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RELIGION COLUMN: Compassionate Christianity is the answer

Published 1:23pm Thursday, December 26, 2013

By Jake McCall

I have only been on this earth for 34 years, so my experiential outlook is limited, but it seems that we may be living in one of the more uncertain times of our nation’s history. Every era has its challenging seasons, but things seem perilously unsettling with government shutdowns, healthcare chaos, personal and national debts rising dramatically and moral decline. And what is especially unnerving is that almost half of the population has some type of financial dependence on this unraveling government. Almost half of the population counts on this dying giant for food, money and medical care. What happens when the dying giant gets even closer to death?

We can have the conversation that other people’s irresponsibility, dependent spirit and multi-generational abuse of the system is not our problem—and that can feel right—but I hope that true Christians are ready to take a different approach. I hope Christ’s church will see this opportunity to begin taking back some of our mission that we squandered away when the government wanted it for the purpose of exercising control.

There was a time when the church in America gladly carried the majority of the burden of education, welfare and medical care, all in the name of Christ. History shows us that it was not easy and many mistakes were made, but the church’s influence was great because they truly saw it as their responsibility to attend many of the basic needs of society. Government saw this profound influence and they wanted it and pursued it. As the church gave it up, the government embraced it and has grown it ever since, but it is now unraveling at a rapid pace and it cannot be sustained.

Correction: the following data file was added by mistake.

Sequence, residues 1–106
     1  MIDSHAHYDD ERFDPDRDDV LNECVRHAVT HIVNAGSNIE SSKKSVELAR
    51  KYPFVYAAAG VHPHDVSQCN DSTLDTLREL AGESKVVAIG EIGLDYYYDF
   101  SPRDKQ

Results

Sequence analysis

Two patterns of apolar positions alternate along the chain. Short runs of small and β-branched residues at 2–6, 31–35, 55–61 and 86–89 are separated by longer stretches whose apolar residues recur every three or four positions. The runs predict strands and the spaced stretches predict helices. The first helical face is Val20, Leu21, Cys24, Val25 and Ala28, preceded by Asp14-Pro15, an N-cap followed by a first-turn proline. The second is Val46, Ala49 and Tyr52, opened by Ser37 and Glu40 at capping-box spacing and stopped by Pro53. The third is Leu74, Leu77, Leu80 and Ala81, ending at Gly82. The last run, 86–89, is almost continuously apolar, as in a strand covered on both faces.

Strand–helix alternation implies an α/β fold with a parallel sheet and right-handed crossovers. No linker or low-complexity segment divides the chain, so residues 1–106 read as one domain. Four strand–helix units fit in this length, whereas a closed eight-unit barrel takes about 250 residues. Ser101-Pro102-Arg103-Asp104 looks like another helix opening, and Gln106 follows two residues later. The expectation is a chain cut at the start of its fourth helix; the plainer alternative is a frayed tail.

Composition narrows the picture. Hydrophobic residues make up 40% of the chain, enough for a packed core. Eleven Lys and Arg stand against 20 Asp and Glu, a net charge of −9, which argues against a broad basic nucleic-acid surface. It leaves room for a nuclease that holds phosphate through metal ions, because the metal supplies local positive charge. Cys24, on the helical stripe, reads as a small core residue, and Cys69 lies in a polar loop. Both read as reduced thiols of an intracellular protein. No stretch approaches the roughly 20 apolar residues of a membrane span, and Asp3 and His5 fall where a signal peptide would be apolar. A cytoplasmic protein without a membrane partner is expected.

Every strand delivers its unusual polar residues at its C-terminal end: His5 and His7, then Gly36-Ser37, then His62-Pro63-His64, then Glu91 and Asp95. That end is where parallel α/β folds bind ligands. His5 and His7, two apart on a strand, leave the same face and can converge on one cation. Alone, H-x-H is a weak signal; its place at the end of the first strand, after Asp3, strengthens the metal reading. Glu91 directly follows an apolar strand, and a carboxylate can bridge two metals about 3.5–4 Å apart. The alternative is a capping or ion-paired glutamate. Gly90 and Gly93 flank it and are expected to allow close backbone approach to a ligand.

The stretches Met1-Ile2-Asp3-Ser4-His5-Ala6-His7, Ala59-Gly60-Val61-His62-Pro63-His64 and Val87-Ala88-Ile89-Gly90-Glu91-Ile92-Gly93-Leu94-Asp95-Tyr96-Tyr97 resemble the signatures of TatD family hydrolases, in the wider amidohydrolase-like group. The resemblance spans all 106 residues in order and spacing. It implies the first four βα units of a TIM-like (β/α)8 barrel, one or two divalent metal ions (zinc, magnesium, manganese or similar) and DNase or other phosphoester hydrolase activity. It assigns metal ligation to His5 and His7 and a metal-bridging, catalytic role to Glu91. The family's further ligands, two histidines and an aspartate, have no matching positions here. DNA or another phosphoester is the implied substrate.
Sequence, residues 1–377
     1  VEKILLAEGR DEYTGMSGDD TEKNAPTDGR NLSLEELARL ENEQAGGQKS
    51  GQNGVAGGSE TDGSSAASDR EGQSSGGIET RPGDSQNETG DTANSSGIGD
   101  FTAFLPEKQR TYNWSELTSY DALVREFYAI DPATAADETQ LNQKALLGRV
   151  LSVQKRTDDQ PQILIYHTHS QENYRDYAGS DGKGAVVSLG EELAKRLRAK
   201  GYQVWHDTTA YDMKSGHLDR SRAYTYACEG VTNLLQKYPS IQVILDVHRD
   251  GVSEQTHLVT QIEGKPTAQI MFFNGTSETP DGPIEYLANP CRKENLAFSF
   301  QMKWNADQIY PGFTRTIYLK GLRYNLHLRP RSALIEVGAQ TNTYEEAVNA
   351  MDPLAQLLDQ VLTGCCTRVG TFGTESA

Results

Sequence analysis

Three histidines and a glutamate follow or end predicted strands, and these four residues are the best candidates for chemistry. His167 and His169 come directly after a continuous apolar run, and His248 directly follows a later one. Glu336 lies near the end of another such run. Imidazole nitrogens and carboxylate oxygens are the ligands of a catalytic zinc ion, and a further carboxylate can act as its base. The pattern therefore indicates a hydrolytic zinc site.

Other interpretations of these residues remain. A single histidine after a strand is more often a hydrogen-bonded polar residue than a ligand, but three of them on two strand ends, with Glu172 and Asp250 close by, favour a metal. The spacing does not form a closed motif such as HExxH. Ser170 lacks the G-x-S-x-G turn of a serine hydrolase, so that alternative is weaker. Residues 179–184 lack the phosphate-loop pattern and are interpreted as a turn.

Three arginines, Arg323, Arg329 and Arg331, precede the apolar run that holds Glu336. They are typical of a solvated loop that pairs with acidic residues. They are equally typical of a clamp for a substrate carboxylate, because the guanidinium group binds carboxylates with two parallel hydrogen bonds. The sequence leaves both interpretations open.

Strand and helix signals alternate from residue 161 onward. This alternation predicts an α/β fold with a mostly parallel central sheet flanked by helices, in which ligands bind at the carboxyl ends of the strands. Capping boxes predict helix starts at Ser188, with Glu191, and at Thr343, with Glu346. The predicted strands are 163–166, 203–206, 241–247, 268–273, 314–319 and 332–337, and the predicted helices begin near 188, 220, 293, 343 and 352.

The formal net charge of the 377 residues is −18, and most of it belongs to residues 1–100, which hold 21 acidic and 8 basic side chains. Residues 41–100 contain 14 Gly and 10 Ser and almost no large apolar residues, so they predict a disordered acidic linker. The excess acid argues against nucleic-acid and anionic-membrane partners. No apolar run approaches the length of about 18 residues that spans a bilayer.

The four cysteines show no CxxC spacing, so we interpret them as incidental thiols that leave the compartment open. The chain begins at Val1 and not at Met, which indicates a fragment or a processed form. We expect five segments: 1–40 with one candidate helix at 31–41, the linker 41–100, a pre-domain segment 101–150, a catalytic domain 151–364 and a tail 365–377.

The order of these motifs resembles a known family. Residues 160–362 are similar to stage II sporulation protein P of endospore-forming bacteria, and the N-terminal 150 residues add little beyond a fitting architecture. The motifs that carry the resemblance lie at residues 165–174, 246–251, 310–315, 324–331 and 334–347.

I believe that a new door of opportunity will begin to open. A potential barrier for that opportunity is that, as government has continued to dish out undeserved benefits, our hearts have become hardened both to the system and to the people enslaved to the system. I confess that I am writing this article with big hopes and little focus because I don’t know what the next step is supposed to be, but I know the next step for the believing body of Christ has to be led with compassion, and that compassion must overcome frustration. And I also know that there is a historical precedent for the church (all churches coming together) to be the primary caretaker of the community in which it is located while still being faithful to the Gospel. The goal would be for it to happen through the unified generosity and concern of citizens and members instead of coercion and excessive taxation. The goal must also have aims of created opportunities and empowerment for those in need, instead of enslavement and dependence. We’ve seen that the government can’t do that, but the Bible and history says the church can.

In Rodney Stark’s “The Rise of Christianity,” he described how Christianity thrived in a pagan culture. By referencing a letter that was written in that time period, Stark quotes Emperor Julian, who ruled Rome in 362 A.D. and hated Christianity. In that letter, Julian stated, “Those wretched Christians support not only their poor, but ours as well. Everyone can see that our people lack aid from us.” It is also recorded that during times of disease and epidemics of that period, the Romans would push away sufferers—even family members—in order to avert the spread and contagion of the disease. It was Christians in that part of the world who took charge of the sick, ministering to them in Christ. Dionysius, bishop of Alexandria, refers to a time as this in the following tribute: “Many Christians, in nursing and curing others, willingly transferred their death to themselves and died in their stead.”

A time may be coming when food pantries and small benevolent ministries, as good and honorable as those are, will no longer suffice. When they come—and as the giant dies, they will come—I hope we don’t push those in need of food, medicine and education back to the government.

—Jake McCall is a religion columnist for The Clanton Advertiser. He is the pastor at Grace Fellowship Presbyterian Church. His column appears each Thursday.

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